|"You have to put in many, many, many tiny efforts that nobody sees or appreciates before you ever achieve anything worthwhile." Brian Tracy
I like this quote. But I hope that Brian Tracy means that success comes from the little connections that you make that build on one another. These points of contact
that people do notice, maybe if only subconsciously, that work in your favor.
Like grains of sand on a scale. One grain won't tip the scale, it's the accumulation of each bit of sand that eventually makes the difference. So too with Tracy's 'tiny efforts'. Each is valuable (successful and worthwhile) and necessary in it's own right. When done with awareness and honesty those tiny efforts result in visible connections, manifested. And you can't get to visible connections without tiny efforts.
I think that's what he means.
So it's you and the Prince of Darkness....
I was talking with a web developer the other day and he was sharing that he was preparing to go through a full mock interview as part of his employers training criteria. He had gone on to Microsoft's site to see some of their interview questions as preparation. Here's the interview question he shared with me.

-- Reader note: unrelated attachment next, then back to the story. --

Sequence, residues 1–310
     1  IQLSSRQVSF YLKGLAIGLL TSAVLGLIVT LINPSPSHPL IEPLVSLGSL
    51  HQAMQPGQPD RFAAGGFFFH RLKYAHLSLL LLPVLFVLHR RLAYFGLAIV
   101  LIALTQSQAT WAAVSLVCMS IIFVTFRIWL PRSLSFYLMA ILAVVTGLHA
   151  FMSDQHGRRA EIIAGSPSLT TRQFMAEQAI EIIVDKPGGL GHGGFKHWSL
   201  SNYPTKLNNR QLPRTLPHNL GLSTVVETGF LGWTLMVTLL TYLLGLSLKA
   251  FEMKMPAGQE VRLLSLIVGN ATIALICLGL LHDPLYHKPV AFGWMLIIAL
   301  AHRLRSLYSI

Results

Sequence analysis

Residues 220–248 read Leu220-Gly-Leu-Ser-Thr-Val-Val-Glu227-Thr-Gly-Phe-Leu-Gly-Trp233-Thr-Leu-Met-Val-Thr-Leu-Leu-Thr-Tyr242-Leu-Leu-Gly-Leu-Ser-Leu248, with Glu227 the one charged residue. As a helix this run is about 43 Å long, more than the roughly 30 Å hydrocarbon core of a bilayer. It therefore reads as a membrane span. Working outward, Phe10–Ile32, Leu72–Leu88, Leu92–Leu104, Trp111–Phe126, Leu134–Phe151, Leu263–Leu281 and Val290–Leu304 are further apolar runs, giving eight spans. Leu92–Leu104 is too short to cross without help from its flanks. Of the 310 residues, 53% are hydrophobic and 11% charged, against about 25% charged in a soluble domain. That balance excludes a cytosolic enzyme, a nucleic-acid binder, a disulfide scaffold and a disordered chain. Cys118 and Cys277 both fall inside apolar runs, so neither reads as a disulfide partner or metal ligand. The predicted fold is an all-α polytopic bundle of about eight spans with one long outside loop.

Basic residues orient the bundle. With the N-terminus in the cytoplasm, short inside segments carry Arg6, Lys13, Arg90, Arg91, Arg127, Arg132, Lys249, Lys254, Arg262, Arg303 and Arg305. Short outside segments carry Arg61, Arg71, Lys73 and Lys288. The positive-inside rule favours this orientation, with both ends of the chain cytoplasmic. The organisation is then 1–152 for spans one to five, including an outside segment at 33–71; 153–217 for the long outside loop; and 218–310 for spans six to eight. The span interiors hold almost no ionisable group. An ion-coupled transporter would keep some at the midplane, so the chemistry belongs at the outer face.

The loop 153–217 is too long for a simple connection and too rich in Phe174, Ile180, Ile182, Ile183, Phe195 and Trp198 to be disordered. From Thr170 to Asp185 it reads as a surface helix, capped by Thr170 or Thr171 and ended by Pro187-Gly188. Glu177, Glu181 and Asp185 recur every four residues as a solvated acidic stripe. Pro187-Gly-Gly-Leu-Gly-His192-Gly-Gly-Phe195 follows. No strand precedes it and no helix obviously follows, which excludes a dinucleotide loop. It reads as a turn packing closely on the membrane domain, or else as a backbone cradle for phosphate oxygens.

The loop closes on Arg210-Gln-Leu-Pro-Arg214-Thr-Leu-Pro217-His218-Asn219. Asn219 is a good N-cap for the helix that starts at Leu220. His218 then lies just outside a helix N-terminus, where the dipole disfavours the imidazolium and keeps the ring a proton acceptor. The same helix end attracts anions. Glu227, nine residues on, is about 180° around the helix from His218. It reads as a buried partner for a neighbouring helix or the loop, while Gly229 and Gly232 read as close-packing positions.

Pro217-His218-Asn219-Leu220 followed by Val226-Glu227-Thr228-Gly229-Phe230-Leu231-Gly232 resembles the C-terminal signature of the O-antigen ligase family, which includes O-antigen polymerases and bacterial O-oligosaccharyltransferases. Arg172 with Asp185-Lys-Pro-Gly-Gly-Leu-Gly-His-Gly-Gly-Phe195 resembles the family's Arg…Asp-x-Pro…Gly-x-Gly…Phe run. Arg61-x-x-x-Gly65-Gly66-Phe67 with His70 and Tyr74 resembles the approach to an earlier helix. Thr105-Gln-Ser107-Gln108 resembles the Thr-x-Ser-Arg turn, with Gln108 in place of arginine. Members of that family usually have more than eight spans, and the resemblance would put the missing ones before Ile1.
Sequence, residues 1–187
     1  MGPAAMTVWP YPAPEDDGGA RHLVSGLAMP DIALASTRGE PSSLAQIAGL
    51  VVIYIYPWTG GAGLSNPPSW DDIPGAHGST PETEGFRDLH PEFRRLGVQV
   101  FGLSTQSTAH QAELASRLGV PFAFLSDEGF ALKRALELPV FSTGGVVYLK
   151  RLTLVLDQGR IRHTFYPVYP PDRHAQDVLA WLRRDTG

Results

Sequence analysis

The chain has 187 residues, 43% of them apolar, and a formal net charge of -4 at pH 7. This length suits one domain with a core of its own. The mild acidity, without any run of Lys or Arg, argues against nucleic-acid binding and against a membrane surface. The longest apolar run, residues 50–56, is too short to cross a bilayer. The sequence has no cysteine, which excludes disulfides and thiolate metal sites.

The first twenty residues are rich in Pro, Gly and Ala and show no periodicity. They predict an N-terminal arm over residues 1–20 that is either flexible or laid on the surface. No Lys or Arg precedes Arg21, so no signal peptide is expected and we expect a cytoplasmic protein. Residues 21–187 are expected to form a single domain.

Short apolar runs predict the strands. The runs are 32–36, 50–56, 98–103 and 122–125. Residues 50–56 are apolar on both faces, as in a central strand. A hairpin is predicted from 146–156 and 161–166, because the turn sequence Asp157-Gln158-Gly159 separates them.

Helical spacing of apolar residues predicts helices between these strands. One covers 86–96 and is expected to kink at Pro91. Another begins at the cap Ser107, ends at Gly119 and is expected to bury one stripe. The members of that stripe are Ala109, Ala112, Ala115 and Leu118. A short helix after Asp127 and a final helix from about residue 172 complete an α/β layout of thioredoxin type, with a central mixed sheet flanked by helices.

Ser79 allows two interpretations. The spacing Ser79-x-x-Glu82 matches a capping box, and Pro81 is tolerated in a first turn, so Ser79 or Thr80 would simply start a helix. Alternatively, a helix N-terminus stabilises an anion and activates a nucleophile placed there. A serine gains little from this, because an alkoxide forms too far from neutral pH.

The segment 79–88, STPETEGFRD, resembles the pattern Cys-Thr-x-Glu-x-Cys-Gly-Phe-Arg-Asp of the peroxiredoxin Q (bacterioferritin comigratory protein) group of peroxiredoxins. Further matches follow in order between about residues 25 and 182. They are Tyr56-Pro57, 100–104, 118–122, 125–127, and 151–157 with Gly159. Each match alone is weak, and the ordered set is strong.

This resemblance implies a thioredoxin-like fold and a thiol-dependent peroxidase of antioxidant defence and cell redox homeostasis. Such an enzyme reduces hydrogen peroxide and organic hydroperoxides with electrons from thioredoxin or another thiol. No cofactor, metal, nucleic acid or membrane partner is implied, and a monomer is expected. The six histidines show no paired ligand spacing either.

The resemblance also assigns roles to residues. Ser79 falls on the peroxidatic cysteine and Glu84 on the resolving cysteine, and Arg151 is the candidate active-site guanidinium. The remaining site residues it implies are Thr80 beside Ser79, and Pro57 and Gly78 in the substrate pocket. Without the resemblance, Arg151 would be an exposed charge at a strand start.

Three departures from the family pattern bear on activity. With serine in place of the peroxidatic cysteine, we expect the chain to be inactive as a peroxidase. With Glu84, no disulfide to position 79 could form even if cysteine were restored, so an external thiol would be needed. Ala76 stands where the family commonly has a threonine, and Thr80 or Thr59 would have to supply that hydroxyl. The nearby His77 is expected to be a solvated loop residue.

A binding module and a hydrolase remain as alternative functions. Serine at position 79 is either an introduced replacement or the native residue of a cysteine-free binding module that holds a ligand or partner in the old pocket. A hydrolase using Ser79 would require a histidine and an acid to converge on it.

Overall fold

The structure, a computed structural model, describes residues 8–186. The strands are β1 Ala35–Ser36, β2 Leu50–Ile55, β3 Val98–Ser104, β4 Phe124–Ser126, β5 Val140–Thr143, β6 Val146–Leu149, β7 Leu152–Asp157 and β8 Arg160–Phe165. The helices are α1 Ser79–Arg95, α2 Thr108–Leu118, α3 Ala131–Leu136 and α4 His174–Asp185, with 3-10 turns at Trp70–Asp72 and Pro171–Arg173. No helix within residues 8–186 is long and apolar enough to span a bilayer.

"You're in a 4' x 8' stone corridor, you're on one end and the Prince of Darkness is on the other. What do you do?"
Like you are probably doing, I laughed, said, "What?" "Huh?" "Silly geeks..."
But as we talked more about the question and his answer, should they ask him that question (seems he played Dungeon and Dragons as a kid so actually had a pretty good answer), I came to believe in the merits of the question. A question salespeople as well as CER's and leadership should maybe ask themselves as well as their teams and their potential hires.
You can actually learn a lot about someone. Like how resilient they are, or how creative they are. It's the kind of question that makes you freeze, or challenges you to look at situations differently. It creates questions. It expands your brain.
Everyday we are faced with the reality that it is no longer business as usual. "So what do you do?"
Opportunities are there, but we have to be willing to seek out and embrace different perspectives to see them. It means learning to listen all over again. It means not giving the usual right answer, but reaching for the new right answer. Not the easy answer, but the solution that moves their business forward.
Your spark can make a connection and that can make all the difference, for all of us.